I can't disagree more with this review. Brilliant movie that worked on many levels; I can't possibly imagine thinking of it as "mindless" or "meaningless"... much less a disappointment. Every reviewer is entitled to their opinion, but I'm also entitled to be glad I didn't see the movie with you.

Leonardo Da Vinciaprio said...

Excellent review. This was my least favorite of Nolan's Batman films. It was also my least favorite Nolan film. It appears that he's fallen victim to thinking he can do no wrong and has no one that will tell him when something is too much. Hopefully he won't be as sloppy with what he does next.

Batman Detractor said...

I can't say I invested much into Nolan's Batman. I felt the first movie was inadequate as there was no super villan. The Scarecrow seems easily defeated with the plot about hallucination drugs as the main point. The second movie had the Joker, but the movie was unnecessarily violent. I can't say I'm looking forward to the next version. I will certainly watch it at some point.

Anonymous said...

Terrible review, but not unexpected from a Disney butt-boy, who promotes Marvel constantly. The movie had much more to say than the usual fan-boy crapola. Enjoy the mindless garbage that Disney serves up next Summer in Iron Man 3. I'm sure you'll lap that slop up like a pig at a trough.

Foba Bett said...

Hey Anonymous,

Maybe you can't read, but the review was by Decadent Dave, not Honor who runs the site. DD isn't a big Disney fan, but does reviews for the site. He's actually quite good, but you'd know that if you read a little more before you stuck your foot in your mouth.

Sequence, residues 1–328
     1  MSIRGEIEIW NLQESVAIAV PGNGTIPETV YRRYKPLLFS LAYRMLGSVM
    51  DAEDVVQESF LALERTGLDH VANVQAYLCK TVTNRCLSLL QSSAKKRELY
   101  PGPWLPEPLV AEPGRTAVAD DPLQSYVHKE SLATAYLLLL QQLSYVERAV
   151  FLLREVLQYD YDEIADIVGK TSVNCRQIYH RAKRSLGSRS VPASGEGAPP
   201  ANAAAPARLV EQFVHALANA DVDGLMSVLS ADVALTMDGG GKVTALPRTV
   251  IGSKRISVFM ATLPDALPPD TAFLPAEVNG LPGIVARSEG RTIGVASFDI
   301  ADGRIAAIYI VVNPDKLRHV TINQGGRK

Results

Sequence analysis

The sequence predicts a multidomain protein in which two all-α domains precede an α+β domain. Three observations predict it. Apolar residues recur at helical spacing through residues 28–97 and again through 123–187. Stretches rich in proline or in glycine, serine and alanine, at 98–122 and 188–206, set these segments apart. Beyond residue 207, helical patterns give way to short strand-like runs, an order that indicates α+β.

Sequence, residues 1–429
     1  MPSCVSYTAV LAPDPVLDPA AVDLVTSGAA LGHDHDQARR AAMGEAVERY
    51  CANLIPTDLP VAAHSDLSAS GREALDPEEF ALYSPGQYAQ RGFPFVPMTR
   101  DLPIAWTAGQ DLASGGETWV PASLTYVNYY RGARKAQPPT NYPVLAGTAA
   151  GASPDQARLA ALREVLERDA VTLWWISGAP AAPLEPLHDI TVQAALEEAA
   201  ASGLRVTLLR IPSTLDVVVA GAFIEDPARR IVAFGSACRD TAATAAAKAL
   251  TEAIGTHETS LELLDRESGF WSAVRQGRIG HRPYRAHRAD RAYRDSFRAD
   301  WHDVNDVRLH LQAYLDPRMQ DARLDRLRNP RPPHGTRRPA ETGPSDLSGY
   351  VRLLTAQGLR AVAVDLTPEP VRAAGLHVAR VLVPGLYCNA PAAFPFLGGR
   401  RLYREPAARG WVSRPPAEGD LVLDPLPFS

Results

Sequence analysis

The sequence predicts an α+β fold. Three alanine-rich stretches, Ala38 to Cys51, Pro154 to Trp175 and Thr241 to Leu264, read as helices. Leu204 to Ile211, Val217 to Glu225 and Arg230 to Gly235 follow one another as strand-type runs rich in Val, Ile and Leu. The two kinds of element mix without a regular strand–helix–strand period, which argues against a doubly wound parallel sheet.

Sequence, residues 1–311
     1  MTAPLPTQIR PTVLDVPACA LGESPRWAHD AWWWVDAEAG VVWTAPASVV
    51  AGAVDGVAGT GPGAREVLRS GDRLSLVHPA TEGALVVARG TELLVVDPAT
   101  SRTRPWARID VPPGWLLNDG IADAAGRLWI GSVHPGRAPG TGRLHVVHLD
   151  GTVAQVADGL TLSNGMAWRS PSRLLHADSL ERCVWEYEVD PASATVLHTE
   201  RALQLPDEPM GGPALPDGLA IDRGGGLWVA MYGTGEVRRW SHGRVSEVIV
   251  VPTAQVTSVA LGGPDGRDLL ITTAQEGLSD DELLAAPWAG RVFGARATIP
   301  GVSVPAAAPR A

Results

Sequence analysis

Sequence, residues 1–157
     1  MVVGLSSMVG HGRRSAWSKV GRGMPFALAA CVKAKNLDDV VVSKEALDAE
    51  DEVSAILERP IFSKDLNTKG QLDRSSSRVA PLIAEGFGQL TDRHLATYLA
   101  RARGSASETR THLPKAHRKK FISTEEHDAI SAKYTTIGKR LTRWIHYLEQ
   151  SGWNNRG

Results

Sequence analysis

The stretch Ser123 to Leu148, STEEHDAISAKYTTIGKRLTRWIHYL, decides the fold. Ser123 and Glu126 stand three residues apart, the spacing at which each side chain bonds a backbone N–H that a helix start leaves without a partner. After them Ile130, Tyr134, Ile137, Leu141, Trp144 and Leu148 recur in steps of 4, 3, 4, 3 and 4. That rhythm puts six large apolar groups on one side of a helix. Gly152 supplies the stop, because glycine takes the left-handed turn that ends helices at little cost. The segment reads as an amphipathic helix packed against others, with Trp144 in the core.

Anonymous said...

I stand by my comment. Disney = Marvel. It's obvious that they want to bash TDKR, DC Comics, and Warner Brothers.

J.J. Jameson said...

Anonymous = Whining DC fanboy.

Anonymous said...

I think this review is definitely too harsh, Randall picked apart most of my problems with it. But to each his own...

The only thing I came here to say was THE LAZARUS PIT = THE PRISON. Once I realized this I felt it was a genius way to include the pit in the film while maintaining Nolan's grounding in reality.

Ra's Al Ghul said...

The Lazarus Pit IS NOT the same as the prison pit in the film!!!! The Lazarus pits are naturally occurring well springs discovered by Ra's Al Ghul that have regenerative healing powers that sustained his immortality. The side effect is that they cause insanity. The prison pit in the film was a nod to the Lazarus Pit from the comics but it certainly did not provide regenerative chemical healing powers for Bruce Wayne. It was more metaphorical than literal.

Anonymous said...

Even though i find your comment to be somewhat offensive, you just nailed it